Also, MapNode.key should be final, as it should never change.

Data structure design

Some obvious features are missing:

  • The map has a fixed number of buckets. Even with a good hashing function, the hash map will lose all its benefits if you insert too many elements.
  • There's no way to remove elements.
  • The only way to check if the map contains an element is to call get and catch NoSuchElementException. Exception handling is very undesirable for such a basic functionality.

Some elements are surprising to see in a hash map implementation, and don't really bring good value:

  • Calculating the next prime, starting from the specified capacity. From a user's perspective, the capacity will be inexplicably and magically set to some value that is not what the user specified. This will strike most users as unexpected. It's unnecessary complexity, for no benefit.
  • HashMapOps is a strange name for a hash map. It could be just HashMap.

Technique

The bucket[hashKey] = cur; line is duplicated in both branches of the conditional:

if (bucket[hashKey] == null) {
    bucket[hashKey] = cur;
} else {
    cur.setNext(bucket[hashKey]);
    bucket[hashKey] = cur;
}

So it could be moved out after the conditional:

if (bucket[hashKey] != null) {
    cur.setNext(bucket[hashKey]);
}
bucket[hashKey] = cur;

In fact, if bucket[hashKey] is null, there's no harm in setting it in cur, so you don't really need the conditional at all, and simplify the code to just this:

cur.setNext(bucket[hashKey]);
bucket[hashKey] = cur;

The empty return statement at the end of the void put method is unnecessary, you should remove it.


The get method can be written much simpler:

public V get(K key) {
    int hashKey = getHashCode(key);
    for (MapNode<K, V> node = bucket[hashKey]; node != null; node = node.getNext()) {
        if (node.getKey().equals(key)) {
            return node.getValue();
        }
    }
    throw new NoSuchElementException();
}
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I subscribe to most of what Janos has said, but I would add a few points.

Interfaces are your friends

Java has an interface java.util.Map<K, V> for maps. If you implement the interface, your class becomes a lot more useful. (This does also prompt the question: why are you ? Is it just for the sake of it, or do you want to improve on java.util.HashMap<K, V> in some specific metric? If the latter, it may make sense to extend java.util.AbstractMap<K, V>).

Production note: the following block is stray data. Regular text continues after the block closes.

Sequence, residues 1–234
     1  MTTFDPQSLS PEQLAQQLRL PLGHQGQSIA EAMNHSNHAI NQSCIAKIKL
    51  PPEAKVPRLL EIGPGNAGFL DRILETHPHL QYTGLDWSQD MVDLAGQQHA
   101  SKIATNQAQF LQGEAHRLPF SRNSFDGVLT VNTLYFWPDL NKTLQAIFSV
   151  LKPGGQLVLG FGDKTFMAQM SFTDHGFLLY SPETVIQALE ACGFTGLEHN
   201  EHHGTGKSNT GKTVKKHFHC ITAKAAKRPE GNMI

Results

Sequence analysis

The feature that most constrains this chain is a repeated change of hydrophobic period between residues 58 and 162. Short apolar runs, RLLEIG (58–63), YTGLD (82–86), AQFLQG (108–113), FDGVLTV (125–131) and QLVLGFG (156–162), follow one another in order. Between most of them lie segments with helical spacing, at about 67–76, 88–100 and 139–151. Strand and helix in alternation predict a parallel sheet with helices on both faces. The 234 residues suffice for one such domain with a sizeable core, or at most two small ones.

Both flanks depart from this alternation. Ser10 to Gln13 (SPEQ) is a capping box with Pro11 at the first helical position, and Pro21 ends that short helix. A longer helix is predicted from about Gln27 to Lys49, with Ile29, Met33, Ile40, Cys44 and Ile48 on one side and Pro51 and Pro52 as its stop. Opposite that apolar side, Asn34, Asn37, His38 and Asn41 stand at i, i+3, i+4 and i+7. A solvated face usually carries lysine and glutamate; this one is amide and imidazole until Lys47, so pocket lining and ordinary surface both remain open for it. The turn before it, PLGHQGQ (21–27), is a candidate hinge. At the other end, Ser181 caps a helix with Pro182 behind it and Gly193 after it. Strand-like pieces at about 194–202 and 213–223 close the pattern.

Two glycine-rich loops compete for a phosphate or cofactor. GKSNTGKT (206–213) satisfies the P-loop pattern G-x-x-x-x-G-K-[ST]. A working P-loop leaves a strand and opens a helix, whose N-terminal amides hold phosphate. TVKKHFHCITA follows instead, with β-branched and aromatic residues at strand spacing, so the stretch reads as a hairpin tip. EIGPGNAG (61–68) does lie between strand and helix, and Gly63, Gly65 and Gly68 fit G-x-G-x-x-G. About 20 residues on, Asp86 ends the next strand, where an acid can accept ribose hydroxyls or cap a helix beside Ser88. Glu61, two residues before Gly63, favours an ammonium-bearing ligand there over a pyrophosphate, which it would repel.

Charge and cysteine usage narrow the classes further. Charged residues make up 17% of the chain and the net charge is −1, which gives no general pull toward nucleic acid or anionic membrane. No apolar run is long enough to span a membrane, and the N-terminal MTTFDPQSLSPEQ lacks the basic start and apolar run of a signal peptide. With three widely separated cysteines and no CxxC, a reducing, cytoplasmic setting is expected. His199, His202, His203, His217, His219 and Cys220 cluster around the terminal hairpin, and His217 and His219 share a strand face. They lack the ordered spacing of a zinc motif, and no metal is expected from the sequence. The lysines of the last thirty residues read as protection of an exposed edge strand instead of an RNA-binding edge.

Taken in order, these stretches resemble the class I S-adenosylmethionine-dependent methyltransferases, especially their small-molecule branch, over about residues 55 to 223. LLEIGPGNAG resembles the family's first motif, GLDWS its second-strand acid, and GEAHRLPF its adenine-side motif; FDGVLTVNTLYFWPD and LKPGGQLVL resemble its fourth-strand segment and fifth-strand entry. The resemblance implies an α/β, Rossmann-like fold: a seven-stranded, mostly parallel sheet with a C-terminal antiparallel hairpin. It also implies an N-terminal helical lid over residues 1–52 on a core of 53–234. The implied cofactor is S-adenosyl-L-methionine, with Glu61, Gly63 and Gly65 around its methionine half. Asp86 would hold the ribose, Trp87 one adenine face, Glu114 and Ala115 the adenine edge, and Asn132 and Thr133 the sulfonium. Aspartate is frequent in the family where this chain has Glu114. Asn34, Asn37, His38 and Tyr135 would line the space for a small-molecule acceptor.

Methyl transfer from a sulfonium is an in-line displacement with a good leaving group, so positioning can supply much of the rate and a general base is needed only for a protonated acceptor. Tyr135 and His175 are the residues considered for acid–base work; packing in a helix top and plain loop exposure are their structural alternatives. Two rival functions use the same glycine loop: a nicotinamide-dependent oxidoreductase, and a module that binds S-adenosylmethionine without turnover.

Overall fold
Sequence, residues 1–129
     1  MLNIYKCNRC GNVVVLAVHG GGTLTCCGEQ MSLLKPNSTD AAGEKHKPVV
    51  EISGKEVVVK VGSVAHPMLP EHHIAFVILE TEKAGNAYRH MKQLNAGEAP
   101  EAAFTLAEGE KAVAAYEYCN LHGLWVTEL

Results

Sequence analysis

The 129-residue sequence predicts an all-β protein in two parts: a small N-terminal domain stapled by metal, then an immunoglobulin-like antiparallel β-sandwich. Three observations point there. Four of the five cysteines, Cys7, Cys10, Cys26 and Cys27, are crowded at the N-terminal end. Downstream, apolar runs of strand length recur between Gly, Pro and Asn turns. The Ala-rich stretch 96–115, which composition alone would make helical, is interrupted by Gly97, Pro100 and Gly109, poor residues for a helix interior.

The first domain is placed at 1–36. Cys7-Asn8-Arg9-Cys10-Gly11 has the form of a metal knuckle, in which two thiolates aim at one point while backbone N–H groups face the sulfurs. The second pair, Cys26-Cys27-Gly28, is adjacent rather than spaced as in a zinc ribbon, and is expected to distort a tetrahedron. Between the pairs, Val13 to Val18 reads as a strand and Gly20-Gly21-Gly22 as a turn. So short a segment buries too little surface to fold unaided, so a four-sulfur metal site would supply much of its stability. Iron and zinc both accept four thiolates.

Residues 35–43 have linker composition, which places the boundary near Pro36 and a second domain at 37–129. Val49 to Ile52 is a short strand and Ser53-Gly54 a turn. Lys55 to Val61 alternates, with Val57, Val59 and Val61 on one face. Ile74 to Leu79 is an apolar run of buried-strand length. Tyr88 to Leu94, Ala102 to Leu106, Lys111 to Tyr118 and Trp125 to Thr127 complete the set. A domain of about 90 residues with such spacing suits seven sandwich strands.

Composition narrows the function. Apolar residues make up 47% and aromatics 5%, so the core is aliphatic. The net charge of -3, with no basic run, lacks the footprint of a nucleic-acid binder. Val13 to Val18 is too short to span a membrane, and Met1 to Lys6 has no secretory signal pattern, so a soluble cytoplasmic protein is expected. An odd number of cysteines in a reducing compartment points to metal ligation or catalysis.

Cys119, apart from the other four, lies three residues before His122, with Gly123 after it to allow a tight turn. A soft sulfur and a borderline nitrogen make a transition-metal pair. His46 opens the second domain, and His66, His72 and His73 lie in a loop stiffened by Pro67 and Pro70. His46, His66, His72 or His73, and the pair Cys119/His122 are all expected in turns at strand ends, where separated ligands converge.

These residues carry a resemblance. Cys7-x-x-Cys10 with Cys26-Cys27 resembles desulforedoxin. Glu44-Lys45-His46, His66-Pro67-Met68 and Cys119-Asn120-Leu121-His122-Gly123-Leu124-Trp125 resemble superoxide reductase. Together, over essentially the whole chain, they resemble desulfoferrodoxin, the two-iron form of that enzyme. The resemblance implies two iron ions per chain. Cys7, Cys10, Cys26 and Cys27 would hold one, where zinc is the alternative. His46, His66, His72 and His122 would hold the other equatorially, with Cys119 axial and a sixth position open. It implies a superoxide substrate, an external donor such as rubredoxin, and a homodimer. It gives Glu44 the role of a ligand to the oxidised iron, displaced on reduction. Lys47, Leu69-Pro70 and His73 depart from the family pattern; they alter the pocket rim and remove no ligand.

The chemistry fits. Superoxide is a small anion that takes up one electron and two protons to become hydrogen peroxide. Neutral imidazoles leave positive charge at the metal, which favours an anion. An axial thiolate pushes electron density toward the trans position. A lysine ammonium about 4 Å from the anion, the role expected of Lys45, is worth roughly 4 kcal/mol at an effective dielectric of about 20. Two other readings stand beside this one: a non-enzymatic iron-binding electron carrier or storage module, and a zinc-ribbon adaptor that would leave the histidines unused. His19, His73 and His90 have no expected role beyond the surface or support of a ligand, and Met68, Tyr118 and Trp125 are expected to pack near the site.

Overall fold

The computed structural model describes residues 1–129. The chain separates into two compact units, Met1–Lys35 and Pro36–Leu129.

Primes

I don't entirely agree with Janos' comment on the initial size of the array, although I do agree that it should expand. The point of the capacity parameter is as a hint for the initial capacity, not as a hard limit beyond which performance may suffer. That said, what's going on with nextPrime?

    public int nextPrime(int num) {
        if(num % 2 == 0) return num + 1;

That's not necessarily a prime. Was it intended to say num = num + 1 to allow the subsequent loop to just go through odd numbers?

        for(; !isPrime(num); num +=2);

Loops with empty bodies are great for code golf, but not great for maintenance. Prefer

while (!isPrime(num)) num += 2;
    public boolean isPrime(int num) {
        if(num == 2 || num == 3) return true;
        if(num == 1 || num % 2 == 0) return false;

Ok, 2 is treated as a special case to allow you to skip through just the odd numbers.

        for(int i = 3; i * i <= num; ++i) {

But that doesn't just skip through the odd numbers. Was the update intended to be i += 2?

Also, I think there's a risk that if you create a lot of maps with a large initial capacity that this could become a bottleneck. There's no obvious reason for requiring the next prime: I suggest that an alternative would be to have an array of pre-calculated primes which are just less than a power of two, starting with 7. Then it's nice and fast to find a suitable size, and it's convenient for when you extend the code to resize the array of buckets if the chains start getting too long. As a bonus, you don't even need to calculate them yourself: the Primes Pages include primes just smaller than a power of two. The other reason for choosing just smaller rather than just larger than a power of two is that it might interact better with whatever memory allocator is being used under the hood.


Separation of responsibilities

    public void print() {
        ...
    }

Some OO purists would argue that you should ask an object to do something for you rather than to return data to you, but most Java practitioners are not such purists. I would expect to see an override of toString() rather than a print() method.

(Also, for preference, I would follow java.util.Map<K, V>'s convention for the toString() of a map).


Separate implementation from test

public class Map {
    ...

This looks like a test wrapper rather than the "main" code. It would be nice to offset it in a separate file. There's also a good case to be made for writing unit tests before you write a TUI test wrapper, and I think you would find reviews of unit tests more useful than reviews of a TUI test wrapper.

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0
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Your put() method always creates a new value instead of modifying the existing value if it is already there. That is why it is leading to "Memory Leak" as pointed out by @janos